As Major League Baseball gears up the All Star Game, another round of columns, blogs, and radio podcasts will also gear up. As we look at the game whose unofficial tagline is, “This Time It Matters (No, Really),” the more we realize that not only does it not matter, but that there are ways to improve the game.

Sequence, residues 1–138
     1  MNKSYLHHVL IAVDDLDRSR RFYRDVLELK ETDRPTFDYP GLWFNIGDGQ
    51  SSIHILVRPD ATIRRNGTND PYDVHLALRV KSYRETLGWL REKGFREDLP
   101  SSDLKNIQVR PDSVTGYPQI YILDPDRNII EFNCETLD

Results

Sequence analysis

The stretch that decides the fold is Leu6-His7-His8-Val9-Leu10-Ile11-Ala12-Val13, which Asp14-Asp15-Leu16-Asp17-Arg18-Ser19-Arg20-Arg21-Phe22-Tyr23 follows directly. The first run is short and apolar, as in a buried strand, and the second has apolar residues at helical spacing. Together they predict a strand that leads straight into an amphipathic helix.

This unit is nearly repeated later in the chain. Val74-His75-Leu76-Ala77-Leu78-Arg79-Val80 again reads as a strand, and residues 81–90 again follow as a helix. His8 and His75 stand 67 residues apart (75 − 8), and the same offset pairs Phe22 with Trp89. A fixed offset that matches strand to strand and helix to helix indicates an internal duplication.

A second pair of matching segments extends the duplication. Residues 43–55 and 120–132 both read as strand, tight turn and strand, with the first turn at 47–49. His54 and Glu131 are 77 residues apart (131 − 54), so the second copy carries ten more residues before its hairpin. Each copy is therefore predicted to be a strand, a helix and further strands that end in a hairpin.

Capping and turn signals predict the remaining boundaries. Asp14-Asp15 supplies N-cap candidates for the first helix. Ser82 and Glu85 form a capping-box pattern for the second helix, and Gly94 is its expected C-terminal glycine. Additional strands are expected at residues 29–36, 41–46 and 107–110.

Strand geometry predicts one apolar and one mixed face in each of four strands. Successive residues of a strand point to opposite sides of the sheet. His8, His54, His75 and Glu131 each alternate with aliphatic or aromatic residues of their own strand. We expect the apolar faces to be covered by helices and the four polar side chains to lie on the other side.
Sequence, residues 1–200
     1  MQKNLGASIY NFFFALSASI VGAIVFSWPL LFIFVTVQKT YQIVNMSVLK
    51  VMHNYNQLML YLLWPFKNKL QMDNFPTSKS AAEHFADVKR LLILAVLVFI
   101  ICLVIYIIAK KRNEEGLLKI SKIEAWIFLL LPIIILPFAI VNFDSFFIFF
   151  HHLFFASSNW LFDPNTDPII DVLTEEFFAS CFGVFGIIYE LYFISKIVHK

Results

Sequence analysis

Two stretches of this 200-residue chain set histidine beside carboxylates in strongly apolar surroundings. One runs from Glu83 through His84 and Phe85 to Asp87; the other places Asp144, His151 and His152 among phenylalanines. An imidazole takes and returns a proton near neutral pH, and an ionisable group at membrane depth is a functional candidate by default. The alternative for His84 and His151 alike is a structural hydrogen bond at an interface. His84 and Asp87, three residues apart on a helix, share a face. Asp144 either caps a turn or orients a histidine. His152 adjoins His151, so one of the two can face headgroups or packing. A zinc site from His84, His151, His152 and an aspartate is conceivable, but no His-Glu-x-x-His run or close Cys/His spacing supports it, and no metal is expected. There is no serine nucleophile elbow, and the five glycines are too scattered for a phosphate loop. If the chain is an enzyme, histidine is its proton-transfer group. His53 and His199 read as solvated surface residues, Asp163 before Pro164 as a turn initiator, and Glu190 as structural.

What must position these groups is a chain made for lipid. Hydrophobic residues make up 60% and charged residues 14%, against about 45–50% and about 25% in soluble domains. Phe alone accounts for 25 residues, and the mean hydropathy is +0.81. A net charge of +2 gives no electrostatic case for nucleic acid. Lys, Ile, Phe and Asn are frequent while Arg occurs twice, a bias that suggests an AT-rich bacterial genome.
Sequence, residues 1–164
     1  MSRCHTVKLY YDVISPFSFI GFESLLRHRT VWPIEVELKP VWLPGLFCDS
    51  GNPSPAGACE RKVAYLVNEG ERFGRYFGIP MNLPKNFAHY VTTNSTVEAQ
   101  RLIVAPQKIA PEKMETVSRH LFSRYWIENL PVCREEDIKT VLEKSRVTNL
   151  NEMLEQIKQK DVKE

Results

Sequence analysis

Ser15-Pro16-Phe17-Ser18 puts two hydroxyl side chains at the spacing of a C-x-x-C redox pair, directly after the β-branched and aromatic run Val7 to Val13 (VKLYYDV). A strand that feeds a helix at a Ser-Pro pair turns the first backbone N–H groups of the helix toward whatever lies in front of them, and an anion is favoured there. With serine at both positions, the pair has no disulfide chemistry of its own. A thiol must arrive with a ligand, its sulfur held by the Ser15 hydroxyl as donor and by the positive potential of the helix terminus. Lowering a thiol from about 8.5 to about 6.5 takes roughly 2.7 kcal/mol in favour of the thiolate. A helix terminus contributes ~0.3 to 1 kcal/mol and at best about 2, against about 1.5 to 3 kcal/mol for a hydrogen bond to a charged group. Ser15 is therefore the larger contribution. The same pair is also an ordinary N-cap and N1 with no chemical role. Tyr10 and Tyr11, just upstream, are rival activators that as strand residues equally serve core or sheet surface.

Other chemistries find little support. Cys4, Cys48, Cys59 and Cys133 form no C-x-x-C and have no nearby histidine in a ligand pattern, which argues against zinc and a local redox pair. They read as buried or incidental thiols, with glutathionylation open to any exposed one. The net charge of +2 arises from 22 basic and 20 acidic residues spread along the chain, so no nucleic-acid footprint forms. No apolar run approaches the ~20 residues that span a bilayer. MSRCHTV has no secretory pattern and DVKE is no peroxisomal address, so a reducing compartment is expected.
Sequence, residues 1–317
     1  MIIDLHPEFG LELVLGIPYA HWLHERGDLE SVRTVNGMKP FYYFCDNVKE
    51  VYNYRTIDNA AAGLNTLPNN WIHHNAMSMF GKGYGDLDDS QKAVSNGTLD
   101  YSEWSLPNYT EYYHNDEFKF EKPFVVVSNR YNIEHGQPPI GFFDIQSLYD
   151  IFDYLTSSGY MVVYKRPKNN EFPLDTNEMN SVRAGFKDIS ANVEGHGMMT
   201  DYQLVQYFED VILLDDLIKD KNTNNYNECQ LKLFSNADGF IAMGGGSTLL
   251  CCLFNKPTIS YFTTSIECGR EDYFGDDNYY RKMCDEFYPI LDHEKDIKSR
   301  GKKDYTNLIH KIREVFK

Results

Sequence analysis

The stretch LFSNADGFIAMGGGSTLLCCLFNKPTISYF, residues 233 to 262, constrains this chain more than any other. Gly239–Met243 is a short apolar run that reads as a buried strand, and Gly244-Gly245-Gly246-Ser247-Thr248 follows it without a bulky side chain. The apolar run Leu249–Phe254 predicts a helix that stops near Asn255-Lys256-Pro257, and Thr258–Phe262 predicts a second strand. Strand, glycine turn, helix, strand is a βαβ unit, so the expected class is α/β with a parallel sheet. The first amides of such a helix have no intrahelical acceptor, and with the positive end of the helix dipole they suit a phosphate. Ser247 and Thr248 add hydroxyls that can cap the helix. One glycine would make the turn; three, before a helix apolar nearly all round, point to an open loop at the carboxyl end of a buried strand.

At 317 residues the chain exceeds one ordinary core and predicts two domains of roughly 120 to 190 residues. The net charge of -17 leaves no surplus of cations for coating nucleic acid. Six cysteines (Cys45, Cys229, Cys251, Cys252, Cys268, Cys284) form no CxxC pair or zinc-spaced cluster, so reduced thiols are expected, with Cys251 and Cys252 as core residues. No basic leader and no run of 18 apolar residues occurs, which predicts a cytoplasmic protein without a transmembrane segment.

One of the dumbest concepts of the entire game has to be the fact that the winning league of said exhibition game will be awarded home-field advantage in the World Series. Instead of allowing something like home-field advantage in the most important series of the year, why can’t we do away with the game “meaning” something, and just enjoy it for the exhibition game that it is? Why must it have an impact on the post-season? Why not just have the team, regardless of the outcome of the game, with the better record have home-field advantage, such as with hockey or football playoffs? Why must the game mean something? The Pro Bowl means nothing; the NHL All Star Game means nothing; the NBA All Star game is an offensive onslaught, but still means nothing. If we are going to have a game that means nothing other than combining some of the best players in the game, why can’t we just appreciate the players who we love, the players who are the future of the game, and those out-of-market powerhouses (hey, Buster Posey!) that we otherwise never get to see and simply enjoy it?